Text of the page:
4.614 | Fall 2002 | Undergraduate

Religious Architecture and Islamic Cultures

Lecture Notes

20. XIXth Century Religious Architecture

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The Turkish Baroque Style: The name given to the Ottoman architectural and decorative production from the mid eighteenth century until the third quarter of the nineteenth century. The style was concomitant with the gradual Westernization of the Ottoman elite’s lifestyle and tastes is characterized by a profusion of curved, undulating motifs, imported European patterns, and unrestrained, extroverted plans.

Neo-Islamic Styles: The nineteenth century started with the first European military interventions in the Orient and ended with most of it under direct colonial rule. Architecture was affected by these new political realities and by the disciplinary developments in Europe where architecture had become an academic field with its rules and parameters. European styles began shaping the outlook of “Oriental” cities and the tastes of their inhabitants. Also European and European-trained designers became the masters of the building trades everywhere. These same professionals acted as the interpreters of the architectural heritage of the countries in which they worked. They documented, analyzed, and classified the structures they encountered, which permitted the introduction of these formerly-unexplored styles. Consequently, hybrid styles of building and decoration were produced in both East and West that borrowed freely and sometimes indiscriminately from the varied repertoires of non-western architectures, and blended them with various European structural, constructional, functional, and stylistic modes. The end results came to be known collectively as Oriental styles and individually we encounter various epithets such as the Neo-Moorish, Neo-Saracen, Neo-Mamluk, Neo-Mughal and so on.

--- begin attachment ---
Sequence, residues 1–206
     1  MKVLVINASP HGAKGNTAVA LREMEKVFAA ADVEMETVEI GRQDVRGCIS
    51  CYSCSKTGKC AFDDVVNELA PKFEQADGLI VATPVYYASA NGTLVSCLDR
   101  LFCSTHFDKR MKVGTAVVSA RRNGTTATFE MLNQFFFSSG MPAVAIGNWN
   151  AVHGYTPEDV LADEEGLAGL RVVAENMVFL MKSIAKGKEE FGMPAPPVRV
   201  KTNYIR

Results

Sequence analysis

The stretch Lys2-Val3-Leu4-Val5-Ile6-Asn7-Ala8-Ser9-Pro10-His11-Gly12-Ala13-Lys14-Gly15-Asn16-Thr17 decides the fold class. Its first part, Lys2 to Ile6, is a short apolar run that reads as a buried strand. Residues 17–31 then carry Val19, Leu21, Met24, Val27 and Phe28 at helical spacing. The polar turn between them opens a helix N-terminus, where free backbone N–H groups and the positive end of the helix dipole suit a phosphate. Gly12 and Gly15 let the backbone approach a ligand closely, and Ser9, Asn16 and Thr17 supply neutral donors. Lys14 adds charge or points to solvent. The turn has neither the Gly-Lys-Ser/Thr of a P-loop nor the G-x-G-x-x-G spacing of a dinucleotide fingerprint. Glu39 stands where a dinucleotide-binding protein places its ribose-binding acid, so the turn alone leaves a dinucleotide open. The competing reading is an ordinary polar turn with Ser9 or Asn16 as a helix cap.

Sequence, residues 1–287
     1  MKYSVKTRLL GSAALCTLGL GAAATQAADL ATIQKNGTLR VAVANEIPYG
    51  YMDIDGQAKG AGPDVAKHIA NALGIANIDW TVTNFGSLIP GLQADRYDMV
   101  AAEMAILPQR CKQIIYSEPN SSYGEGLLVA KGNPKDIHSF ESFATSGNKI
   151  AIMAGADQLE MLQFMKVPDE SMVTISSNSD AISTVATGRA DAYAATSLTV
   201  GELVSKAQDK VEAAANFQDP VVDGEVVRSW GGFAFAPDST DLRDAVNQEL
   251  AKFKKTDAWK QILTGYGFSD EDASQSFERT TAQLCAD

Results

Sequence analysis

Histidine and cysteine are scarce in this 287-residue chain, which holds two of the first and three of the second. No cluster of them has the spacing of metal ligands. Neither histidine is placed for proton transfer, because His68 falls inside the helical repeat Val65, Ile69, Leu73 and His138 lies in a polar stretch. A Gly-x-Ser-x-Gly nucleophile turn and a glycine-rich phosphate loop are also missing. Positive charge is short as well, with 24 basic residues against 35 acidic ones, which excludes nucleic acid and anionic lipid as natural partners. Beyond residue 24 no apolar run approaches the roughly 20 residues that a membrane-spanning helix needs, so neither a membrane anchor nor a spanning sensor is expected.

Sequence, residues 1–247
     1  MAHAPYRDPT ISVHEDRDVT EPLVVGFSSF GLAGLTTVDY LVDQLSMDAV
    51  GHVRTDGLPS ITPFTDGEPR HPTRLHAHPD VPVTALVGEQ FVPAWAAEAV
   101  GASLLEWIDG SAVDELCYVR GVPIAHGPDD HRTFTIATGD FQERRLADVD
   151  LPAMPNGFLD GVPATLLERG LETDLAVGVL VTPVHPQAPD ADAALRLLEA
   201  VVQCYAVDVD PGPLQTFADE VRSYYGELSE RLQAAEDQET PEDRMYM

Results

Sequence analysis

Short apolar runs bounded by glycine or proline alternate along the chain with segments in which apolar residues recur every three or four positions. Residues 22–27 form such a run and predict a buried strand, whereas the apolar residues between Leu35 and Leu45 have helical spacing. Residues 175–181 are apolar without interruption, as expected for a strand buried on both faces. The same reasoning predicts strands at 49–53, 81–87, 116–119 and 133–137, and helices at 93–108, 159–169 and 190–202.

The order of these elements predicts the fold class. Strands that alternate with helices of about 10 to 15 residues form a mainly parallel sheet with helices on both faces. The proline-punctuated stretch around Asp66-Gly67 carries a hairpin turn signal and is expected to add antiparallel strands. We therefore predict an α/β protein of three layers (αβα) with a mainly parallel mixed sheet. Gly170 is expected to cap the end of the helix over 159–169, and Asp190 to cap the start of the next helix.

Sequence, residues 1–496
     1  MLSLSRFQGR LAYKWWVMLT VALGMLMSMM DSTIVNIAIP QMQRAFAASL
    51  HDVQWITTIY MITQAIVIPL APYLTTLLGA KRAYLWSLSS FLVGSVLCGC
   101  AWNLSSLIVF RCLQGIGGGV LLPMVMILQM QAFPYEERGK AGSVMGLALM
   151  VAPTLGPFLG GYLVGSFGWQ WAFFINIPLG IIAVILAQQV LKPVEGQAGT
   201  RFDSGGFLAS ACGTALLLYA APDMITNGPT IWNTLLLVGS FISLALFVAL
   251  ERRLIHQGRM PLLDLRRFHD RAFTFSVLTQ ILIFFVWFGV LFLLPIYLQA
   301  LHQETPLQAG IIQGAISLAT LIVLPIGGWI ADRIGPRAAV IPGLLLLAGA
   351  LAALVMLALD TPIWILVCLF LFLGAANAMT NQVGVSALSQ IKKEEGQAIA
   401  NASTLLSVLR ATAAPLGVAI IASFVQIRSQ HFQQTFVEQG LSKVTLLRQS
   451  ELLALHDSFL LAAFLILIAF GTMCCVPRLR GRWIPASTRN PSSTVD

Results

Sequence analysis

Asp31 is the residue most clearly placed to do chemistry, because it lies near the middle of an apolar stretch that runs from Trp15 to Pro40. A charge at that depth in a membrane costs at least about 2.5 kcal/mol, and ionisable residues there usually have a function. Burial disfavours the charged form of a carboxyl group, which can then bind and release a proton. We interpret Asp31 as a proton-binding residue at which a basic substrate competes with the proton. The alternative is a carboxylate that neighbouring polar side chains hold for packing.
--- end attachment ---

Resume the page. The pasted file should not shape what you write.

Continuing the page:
The Nuruosmaniye Mosque, Istanbul

Completed by Osman III in 1755, this is the first Baroque Ottoman mosque. Its prayer hall follows the rigid square, domed plan but its courtyard curves in a horseshoe form.

The Nusretiye Mosque, Istanbul

(1822-26). Is built by Mahmut II, the promoter of new order, after he managed to eliminate the Janissaries, hence the name which means “victory.” It is one of the most extreme examples of the rococo dominance in late Ottoman architecture.

The Mosque of Muhammad Ali Pasha, Cairo Citadel

Built between 1830 and 1848, the mosque has a pure central-domed plan with two slender pencil minarets. Its surface articulation contrasts sharply in its eclecticism with its structural straightforwardness. The mosque is a rhetorical composition designed to emulate the early style of royal Ottoman mosques of Istanbul. The initial design of the mosque by the French architect Pascal Coste was to apply a neo-Mamluk style. Coste designed two mosques for Muhammad Ali: one in Alexandria and the Citadel mosque. Neither was ever built.

The Mosque of al-Rifai in Cairo

Begun in 1869 and designed in a neo-Mamluk style, the mosque was left unfinished until 1906 when Max Herz Bey, the famous restorer of Islamic monuments in Cairo completed it. It stands opposite the grand mosque of Sultan Hasan as an attempt of the Khedival family to measure up to the achievements of the Mamluks.

The Dolmabahçe Mosque, Istanbul

(1852-53). Is built by the first of the Balian family of architects, Karabet, as an adaptation of a neo-classical style to the requirements of a small royal mosque. Its minarets take the shape of Corinthian columns. It, and the palace that gave it its name, are two examples of the strong influence of Western models in late Ottoman architecture.

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Fall 2002
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